Photo Album Bitcoin's Real Revolution Isn't Hard Money, It's Economic Panarchy Diversity – Zacqary Adam Green The earth-shattering thing about bitcoin isn’t its fixed money supply. It’s not the carefully tuned algorithm that keeps its growth at a steady rate, or the inability of a political body to play with its value. Gold and silver have coexisted with governments and nation-states for thousands of years. In fact, you could argue that “non-political economy” is an oxymoron. You could say that this observation doesn’t challenge the neoclassical economic theory of money very much at all. I like the way David Graeber puts it in Debt: [Money] is not a “thing” at all. Brett Scott expands on this: Perhaps we can tinker with the word ‘money’ itself. So money is just a way of measuring who owes what: you give me something or do something for me, and now I owe you something equally valuable in return. But wait just a minute. Bitcoin’s real contribution to the world is its source code. There is no perfect monetary system for every situation.
From Publishing To Piracy Infopolicy – Anna Troberg I never intended to become a politician. I most certainly never intended to become a party leader. However, life rarely turns out the way you expect it to. Literary finesse was not an asset that was appreciated. Later, after I quit my job at the publishing house, I wrote a novel and got the opportunity to see the publishing business from an author’s perspective. Around this time two things happened. In the real world, outside of the publishing bubble, people started to discuss personal integrity. Regarding the pirate issue, I did not lack ideas about what to do. I had heard quite a bit about pirates, so I expected an army of angry pirates boarding my blog, but I was gravely disappointed. I am a well mannered girl who finds it hard to be rude to nice people that want to talk to me, so I started talking to the pirates. After a week or so, I realised that when I talked to anti pirates, they did not give me any answers.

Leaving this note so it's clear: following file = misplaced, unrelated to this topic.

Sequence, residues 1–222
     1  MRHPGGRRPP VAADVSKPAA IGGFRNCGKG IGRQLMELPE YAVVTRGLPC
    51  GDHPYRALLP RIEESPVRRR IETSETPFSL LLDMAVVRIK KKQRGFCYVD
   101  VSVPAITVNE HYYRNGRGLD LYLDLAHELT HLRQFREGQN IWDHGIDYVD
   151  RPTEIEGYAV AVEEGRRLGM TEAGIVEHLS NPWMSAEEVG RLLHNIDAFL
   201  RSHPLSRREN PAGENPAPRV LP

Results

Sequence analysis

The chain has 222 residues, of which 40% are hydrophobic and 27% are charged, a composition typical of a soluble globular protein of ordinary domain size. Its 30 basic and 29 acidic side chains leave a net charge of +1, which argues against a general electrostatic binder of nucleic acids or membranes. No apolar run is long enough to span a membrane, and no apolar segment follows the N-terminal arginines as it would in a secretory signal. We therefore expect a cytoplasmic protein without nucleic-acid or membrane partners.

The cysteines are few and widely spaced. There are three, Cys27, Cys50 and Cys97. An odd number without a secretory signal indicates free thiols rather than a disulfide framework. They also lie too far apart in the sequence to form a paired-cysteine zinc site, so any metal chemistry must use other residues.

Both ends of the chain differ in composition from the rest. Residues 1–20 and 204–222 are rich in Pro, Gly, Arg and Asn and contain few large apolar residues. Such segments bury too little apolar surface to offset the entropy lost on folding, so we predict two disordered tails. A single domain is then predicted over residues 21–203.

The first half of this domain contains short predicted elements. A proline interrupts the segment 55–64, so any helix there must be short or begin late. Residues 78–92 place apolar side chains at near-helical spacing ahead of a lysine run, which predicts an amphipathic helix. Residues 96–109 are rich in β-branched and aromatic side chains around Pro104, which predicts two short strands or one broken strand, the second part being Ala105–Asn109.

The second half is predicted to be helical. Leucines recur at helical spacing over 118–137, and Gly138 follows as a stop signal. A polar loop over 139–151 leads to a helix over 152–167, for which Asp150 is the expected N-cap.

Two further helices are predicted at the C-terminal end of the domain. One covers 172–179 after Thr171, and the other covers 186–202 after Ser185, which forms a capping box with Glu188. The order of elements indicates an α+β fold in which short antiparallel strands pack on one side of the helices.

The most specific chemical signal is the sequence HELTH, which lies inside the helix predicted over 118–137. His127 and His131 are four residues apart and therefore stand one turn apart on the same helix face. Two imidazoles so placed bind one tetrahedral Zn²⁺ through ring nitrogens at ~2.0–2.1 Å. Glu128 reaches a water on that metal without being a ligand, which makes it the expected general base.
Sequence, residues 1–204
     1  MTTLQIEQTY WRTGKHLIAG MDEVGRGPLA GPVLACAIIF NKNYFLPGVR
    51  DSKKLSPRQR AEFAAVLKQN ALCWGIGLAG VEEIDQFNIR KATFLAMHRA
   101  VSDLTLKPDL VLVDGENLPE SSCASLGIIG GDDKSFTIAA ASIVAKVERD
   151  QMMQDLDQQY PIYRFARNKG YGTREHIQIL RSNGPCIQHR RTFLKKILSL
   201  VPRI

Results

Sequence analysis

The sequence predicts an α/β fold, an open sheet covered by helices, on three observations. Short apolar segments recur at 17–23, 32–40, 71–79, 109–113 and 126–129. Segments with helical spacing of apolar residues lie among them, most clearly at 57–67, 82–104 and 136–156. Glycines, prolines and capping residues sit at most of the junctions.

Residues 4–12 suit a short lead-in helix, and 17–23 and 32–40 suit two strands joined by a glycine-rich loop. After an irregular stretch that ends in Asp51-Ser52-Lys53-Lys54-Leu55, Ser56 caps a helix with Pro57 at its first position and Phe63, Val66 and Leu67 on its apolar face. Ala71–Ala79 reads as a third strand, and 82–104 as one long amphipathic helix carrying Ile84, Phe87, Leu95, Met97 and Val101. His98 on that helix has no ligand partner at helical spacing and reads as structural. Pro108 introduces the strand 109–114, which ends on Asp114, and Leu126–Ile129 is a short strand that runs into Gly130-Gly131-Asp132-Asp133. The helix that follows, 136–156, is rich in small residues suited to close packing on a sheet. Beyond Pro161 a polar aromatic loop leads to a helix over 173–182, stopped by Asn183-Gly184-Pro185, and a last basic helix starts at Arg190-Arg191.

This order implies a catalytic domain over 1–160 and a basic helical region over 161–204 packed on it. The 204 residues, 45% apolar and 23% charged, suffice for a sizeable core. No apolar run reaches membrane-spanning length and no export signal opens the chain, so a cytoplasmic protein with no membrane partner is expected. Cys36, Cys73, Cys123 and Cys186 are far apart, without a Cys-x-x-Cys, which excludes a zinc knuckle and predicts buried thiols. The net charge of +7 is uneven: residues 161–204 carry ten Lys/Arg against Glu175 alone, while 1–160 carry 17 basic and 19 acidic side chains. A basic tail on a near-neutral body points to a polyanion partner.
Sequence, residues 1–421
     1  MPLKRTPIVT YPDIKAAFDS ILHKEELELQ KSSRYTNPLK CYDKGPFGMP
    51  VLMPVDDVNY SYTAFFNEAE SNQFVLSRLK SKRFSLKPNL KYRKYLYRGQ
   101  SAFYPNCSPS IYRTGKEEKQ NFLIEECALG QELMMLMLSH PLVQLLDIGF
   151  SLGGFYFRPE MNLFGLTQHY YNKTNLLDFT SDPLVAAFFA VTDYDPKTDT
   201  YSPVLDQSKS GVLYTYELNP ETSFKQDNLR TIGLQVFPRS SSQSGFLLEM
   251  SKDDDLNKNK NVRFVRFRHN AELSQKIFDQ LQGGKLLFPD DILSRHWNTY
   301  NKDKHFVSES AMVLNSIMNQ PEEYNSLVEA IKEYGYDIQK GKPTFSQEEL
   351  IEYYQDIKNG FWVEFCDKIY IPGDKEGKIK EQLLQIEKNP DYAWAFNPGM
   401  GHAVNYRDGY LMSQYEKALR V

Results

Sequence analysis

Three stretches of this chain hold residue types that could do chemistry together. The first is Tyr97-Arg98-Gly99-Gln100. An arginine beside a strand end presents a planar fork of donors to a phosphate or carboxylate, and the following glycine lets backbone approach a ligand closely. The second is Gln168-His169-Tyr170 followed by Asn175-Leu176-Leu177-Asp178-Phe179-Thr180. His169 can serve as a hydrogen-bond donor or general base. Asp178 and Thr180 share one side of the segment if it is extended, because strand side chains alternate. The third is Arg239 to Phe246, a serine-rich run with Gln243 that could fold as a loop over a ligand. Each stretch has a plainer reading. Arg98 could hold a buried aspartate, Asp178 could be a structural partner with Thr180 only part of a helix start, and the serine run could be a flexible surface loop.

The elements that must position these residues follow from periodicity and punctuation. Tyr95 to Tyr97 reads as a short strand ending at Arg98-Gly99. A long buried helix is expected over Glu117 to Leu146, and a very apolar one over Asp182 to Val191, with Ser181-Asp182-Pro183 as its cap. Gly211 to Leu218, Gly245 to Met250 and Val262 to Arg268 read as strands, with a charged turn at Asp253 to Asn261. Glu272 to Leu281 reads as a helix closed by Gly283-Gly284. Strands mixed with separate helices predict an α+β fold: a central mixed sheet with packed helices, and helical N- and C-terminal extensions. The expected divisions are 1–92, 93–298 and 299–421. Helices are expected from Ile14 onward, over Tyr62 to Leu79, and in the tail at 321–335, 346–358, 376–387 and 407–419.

Lewin's Leadership Styles: The Three Major Leadership Styles By Kendra Cherry Updated December 03, 2015. A leadership style refers to a leader's characteristic behaviors when directing, motivating, guiding and managing groups of people. Great leaders can inspire political movements and social change. They can also motivate others to perform, create and innovate. As you start to consider some of the people who you think of as great leaders, you can immediately see that there are often vast differences in how each person leads. Fortunately, researchers have developed a number of different theories and frameworks that allow us to better identify and understand these different leadership styles. The following are just a few of the most prominent leadership frameworks and styles that have been identified. Lewin's Leadership Styles In 1939, a group of researchers led by psychologist Kurt Lewin set out to identify different styles of leadership. continue reading below our video Play Video Let's take a closer look at the three styles Lewin identified: References: